Social media is growing in size continuously from its introduction, as well as the number of people using it increases – there has been an increase of 9% since last year. Several impacts on consumer behavior are thought to arise from social media advertising, for example, Duffett (2017) argues for increased attitudinal responses from frequent exposure to social media marketing communications, meanwhile Ioanăs & Stoica (2014) write about added influence on other buyers and an easy impact on attitude emerging from just a small amount of negative information. Both papers (Duffett, 2017; Ioanăs & Stoica 2014) agree that the biggest impact is done on younger consumers, thus this paper will aim to examine and evaluate the scale and reality of the impact on young consumer behavior from social media advertising. The intention of the two following literature’s review is to show a decisive outlook on social media advertising largely in relation to the aforementioned effects.
Keywords: Social media; advertising; attitude; consumers
In Duffett’s (2017) research paper, the key goal to was to access the impact of social media communications on teenager’s (later specified as generation Z) cognitive, affective and behavioral attitude components. The approach of the study was to supply self-administered questionnaires at various colleges and high schools, throughout a sample size of over 13,000 young minds, ranging from 13 years old to 18. This assumption of importance of adolescents for social media advertising is also seen in the results from Ioanăs & Stoica (2014) paper – after analyzing the collected data, the conclusion that was ultimately found was that most of consumers who buy online are indeed young. There are many variables that can affect the attitudes of consumers, therefore some things may vary, but in general, as mentioned in Duffett’s article, attitudes toward advertising is a frequently postulated theory that states positive attitudes toward advertising results in analogous attitudes toward the brands, which in turn have a favorable influence on purchase intention (MacKenzie et al., 1986; Bruner and Kumar, 2000). In this case, we can hypothesize that the behavioral impact of social media advertising will act in accordance to the purchase funnel model, consequently impacting the younger participants more than the older ones.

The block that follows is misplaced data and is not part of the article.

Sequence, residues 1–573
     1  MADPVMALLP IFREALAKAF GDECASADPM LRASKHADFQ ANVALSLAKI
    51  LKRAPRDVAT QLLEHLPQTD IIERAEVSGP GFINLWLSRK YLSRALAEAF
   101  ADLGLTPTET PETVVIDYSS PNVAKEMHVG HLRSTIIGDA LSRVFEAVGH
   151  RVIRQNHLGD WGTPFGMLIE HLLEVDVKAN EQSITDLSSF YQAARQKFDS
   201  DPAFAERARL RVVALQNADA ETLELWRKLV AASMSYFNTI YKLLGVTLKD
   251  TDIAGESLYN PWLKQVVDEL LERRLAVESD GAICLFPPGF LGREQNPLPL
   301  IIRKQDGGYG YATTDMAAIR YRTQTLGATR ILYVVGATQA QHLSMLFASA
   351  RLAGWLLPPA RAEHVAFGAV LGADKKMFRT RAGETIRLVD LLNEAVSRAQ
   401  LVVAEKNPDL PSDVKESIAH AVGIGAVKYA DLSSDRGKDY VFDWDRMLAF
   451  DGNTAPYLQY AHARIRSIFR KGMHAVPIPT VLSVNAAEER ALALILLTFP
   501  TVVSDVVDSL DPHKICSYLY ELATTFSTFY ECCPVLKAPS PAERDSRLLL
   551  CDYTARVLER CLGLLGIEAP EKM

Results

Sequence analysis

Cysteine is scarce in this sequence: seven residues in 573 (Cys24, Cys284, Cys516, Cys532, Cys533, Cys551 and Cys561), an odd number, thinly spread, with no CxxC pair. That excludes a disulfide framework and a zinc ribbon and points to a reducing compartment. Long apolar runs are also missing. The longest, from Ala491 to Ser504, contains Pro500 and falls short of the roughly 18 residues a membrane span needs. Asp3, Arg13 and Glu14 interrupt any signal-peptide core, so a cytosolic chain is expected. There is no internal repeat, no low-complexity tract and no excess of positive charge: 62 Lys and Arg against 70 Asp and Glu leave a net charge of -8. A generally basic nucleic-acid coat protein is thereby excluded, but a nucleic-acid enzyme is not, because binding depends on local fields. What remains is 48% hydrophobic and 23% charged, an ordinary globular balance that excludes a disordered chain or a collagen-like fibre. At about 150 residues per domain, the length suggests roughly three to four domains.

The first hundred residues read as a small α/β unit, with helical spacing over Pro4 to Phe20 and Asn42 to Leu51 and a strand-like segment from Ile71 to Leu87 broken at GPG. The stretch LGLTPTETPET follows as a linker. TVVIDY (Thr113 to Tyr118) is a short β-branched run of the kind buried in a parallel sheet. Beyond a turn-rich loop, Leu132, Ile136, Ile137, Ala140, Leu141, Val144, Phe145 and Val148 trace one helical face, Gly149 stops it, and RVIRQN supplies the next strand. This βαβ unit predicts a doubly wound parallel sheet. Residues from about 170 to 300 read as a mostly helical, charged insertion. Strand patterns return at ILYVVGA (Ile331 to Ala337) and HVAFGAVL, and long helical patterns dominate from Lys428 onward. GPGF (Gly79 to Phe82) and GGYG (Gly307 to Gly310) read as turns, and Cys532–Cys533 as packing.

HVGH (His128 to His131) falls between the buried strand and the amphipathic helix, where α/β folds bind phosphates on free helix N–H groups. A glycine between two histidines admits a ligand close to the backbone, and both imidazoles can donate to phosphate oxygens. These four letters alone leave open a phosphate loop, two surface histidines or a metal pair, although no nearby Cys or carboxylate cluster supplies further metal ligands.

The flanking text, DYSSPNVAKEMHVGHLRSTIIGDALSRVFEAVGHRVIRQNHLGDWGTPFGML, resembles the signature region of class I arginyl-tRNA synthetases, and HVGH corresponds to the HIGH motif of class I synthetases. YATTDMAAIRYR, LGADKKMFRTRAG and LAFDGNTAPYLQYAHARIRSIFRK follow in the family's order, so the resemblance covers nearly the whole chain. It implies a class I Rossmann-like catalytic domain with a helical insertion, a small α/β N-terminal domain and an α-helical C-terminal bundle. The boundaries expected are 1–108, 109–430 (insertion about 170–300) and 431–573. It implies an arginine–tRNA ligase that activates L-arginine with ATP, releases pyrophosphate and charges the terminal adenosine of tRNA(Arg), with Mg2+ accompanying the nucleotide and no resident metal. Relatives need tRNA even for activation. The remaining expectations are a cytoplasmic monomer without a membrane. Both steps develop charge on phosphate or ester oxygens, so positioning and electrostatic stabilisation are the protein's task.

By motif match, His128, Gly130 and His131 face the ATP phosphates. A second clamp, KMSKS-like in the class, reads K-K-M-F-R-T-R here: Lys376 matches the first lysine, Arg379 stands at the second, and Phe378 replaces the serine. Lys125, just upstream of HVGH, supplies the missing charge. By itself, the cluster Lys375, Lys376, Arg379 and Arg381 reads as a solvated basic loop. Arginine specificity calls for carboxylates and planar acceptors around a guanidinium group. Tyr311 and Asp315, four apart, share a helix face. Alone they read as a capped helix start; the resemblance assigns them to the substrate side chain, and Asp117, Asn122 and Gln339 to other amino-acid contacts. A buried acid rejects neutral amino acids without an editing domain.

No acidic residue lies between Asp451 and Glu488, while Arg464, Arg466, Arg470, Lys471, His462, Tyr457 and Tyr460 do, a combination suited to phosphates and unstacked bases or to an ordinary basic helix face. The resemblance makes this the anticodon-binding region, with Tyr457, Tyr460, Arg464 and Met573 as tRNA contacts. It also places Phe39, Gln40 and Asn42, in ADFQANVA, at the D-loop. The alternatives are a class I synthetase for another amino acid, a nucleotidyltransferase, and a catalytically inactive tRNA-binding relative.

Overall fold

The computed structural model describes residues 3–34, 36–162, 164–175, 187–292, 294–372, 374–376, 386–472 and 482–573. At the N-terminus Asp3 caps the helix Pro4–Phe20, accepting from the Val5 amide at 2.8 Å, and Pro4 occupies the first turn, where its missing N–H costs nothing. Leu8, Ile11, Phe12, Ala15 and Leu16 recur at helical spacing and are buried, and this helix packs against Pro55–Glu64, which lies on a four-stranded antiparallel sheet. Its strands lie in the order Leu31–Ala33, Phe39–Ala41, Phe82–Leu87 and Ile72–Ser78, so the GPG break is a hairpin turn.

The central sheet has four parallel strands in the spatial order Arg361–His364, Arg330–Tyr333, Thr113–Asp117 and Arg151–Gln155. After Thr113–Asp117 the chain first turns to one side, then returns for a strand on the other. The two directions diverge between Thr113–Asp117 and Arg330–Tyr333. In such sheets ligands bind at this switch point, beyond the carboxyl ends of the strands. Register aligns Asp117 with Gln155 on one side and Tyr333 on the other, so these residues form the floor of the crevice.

To further drive the hypothesis, as quoted in Duffett’s (2017) article, it is apparent that more experienced teenagers had become accustomed to social media marketing communications because their higher attitude components were not as readily positively affected as those with less familiarity who were, therefore, found to be more susceptible in this study (Cox, 2010). Relating to these findings, it is fair to say that the impact on consumers behavior is likely to diminish over time compared with experience, therefore, in this age, where most people already have internet access, the younger consumers are the most relevant audience for social network advertising (SNA). This view is further strengthened in the study. Those young consumers who had used social media for 1 year or less exhibited the greatest positive behavioral attitudes toward SNA (Duffett, 2017).